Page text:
Posted by: teofilo | Link to this comment | 10-13-07 10:02 PM
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From the Katha Pollit article:

Clinton probably is a shade more hawkish than the others, but all three buy the trope of the "war on terror"

Hasn't Edwards denounced the war on terror as bullshit? I remember reading that he had.


Posted by: WillieStyle | Link to this comment | 10-13-07 10:06 PM
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Butchaknow, emails like this have been flying around all over the country for the past year. I have a 1000+ comment thread on my site with various lunatics debating whether he's just Muslim or the Antichrist. This might well be more like the "send this kid with leukemia a bajillion greeting cards so he can set the record" than the "John McCain has a secret black baby" thing.


Posted by: apostropher | Link to this comment | 10-13-07 10:06 PM
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The palpable resentment Katha Pollit and Dr. B feel for Barak Obama is quite interesting. Good thing this primary isn't close or things could get ugly.


Posted by: WillieStyle | Link to this comment | 10-13-07 10:08 PM
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Democrat John Edwards Wednesday repudiated the notion that there is a "global war on terror," calling it an ideological doctrine advanced by the Bush administration that has strained American military resources and emboldened terrorists.

In a defense policy speech he planned to deliver at the Council on Foreign Relations, Edwards called the war on terror a "bumper sticker" slogan Bush had used to justify everything from abuses at the Abu Ghraib prison to the invasion of Iraq.

"We need a post-Bush, post-9/11, post-Iraq military that is mission focused on protecting Americans from 21st century threats, not misused for discredited ideological purposes," Edwards said in remarks prepared for delivery. "By framing this as a war, we have walked right into the trap the terrorists have set--that we are engaged in some kind of clash of civilizations and a war on Islam."

In the first presidential debate last month in South Carolina, Edwards was one of four Democrats--including Delaware Sen. Joe Biden, Ohio Rep. Dennis Kucinich and former Alaska Sen. Mike Gravel--who said they did not believe there was a global war on terror. Front-runners Hillary Rodham Clinton and Barack Obama indicated that they did.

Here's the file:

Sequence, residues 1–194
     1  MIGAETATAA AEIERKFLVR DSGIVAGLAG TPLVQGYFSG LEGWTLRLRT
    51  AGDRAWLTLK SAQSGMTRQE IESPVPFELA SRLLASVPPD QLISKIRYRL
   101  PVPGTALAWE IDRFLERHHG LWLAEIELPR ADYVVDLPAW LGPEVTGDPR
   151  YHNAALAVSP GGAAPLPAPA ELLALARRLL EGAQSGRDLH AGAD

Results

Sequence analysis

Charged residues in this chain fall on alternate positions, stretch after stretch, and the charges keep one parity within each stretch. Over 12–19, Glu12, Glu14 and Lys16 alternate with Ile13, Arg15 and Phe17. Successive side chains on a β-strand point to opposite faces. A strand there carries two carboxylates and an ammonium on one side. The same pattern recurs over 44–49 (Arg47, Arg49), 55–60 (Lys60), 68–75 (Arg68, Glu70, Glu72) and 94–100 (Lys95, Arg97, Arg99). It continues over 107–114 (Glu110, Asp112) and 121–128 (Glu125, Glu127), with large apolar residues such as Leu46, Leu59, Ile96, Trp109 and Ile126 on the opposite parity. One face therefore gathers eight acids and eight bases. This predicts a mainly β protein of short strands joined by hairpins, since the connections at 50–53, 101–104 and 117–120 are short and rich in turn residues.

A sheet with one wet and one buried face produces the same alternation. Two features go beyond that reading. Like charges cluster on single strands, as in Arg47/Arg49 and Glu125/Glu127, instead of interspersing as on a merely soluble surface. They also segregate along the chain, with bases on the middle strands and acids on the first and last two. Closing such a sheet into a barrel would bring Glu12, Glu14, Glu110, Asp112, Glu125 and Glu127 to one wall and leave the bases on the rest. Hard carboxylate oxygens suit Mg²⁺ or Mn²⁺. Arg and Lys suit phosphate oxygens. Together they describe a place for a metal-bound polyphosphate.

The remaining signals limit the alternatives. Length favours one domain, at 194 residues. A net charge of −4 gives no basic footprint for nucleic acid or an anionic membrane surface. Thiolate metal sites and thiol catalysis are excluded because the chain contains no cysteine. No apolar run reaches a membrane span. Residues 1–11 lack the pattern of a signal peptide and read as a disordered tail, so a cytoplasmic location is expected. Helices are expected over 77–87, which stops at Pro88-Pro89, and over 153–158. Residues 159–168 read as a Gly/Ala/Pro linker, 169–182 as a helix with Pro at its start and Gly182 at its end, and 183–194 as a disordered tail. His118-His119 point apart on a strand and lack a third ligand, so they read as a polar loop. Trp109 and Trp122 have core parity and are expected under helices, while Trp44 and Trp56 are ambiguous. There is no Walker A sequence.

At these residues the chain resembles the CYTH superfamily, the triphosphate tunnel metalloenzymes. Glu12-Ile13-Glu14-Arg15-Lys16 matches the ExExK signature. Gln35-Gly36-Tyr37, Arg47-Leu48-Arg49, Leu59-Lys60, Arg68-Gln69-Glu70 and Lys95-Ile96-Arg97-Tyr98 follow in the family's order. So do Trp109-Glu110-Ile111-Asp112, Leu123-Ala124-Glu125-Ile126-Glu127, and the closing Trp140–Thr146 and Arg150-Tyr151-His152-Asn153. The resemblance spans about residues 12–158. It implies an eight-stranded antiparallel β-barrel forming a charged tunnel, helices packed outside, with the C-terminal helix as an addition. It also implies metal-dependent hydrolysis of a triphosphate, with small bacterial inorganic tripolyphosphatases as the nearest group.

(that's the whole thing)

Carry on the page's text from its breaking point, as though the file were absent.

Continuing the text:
Posted by: apostropher | Link to this comment | 10-13-07 10:09 PM
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Hasn't Edwards denounced the war on terror as bullshit? I remember reading that he had.

Yes he has, quite explicitly. I believe he's also said that at the end of his first term, he expects American troops will still be in Iraq.


Posted by: politicalfootball | Link to this comment | 10-13-07 10:09 PM
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Thanks for the link Apo.


Posted by: WillieStyle | Link to this comment | 10-13-07 10:13 PM
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all you need to do is ask "can I kiss you?" and see what happens from there.

I'm not trying to talk Teo out of anything, but wouldn't it be great if this girl just kissed him first. Being inhibited is hard.


Posted by: Penny | Link to this comment | 10-13-07 10:26 PM
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Why yes, that would be great.


Posted by: teofilo | Link to this comment | 10-13-07 10:29 PM
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There really is going to be a third date, btw.


Posted by: teofilo | Link to this comment | 10-13-07 10:30 PM
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don't ask, ever.


Posted by: yoyo | Link to this comment | 10-13-07 10:32 PM
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Bill Clinton's presidency was in part Hilary's creation, so she gets some credit for that. She is not and never was "just" his wife, in some cliched uninvolved 50s stereotype sense. When she stepped out into her own political career we just saw the focus, discipline, dedication, and drive that he saw in her and the Clinton organization always benefited from. But she's still the politician in the race who has been most supportive of the Iraq war and most inclined to be the enabler of the neocon foreign policy agenda. Yadda yadda yadda, etc.

To get to the more interesting question: yeah, asking for a kiss is not the best. It puts the burden on her. If you really want her, pay her the compliment of taking a risk, even if it's hard. But if you *do* ask, and she hestiates at all, then don't wait around for an answer -- just go in and kiss her.

However, sometimes you just have to go with your genuine awkwardness. The important thing is to try to kiss her. Even if it involves asking, it's still better than not trying at all.


Posted by: marcus | Link to this comment | 10-13-07 11:24 PM
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Here's the thing about kissing someone: it requires being inside their personal space. If someone is fine with you being close enough to them for a proper kiss then they're probably happy with you kissing them. So don't lunge, just get close and if she stays close, then kiss her. It's getting into the intimate space that's the key.


Posted by: Unfoggetarian: "Pause endlessly, then go in" (9) | Link to this comment | 10-13-07 11:36 PM
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You know, I didn't actually ask for advice on whether and how to kiss her.


Posted by: teofilo | Link to this comment | 10-13-07 11:37 PM
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never ask for advice on whether and how to kiss someone!


Posted by: marcus | Link to this comment | 10-13-07 11:44 PM
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Do you have one of these yet, teo?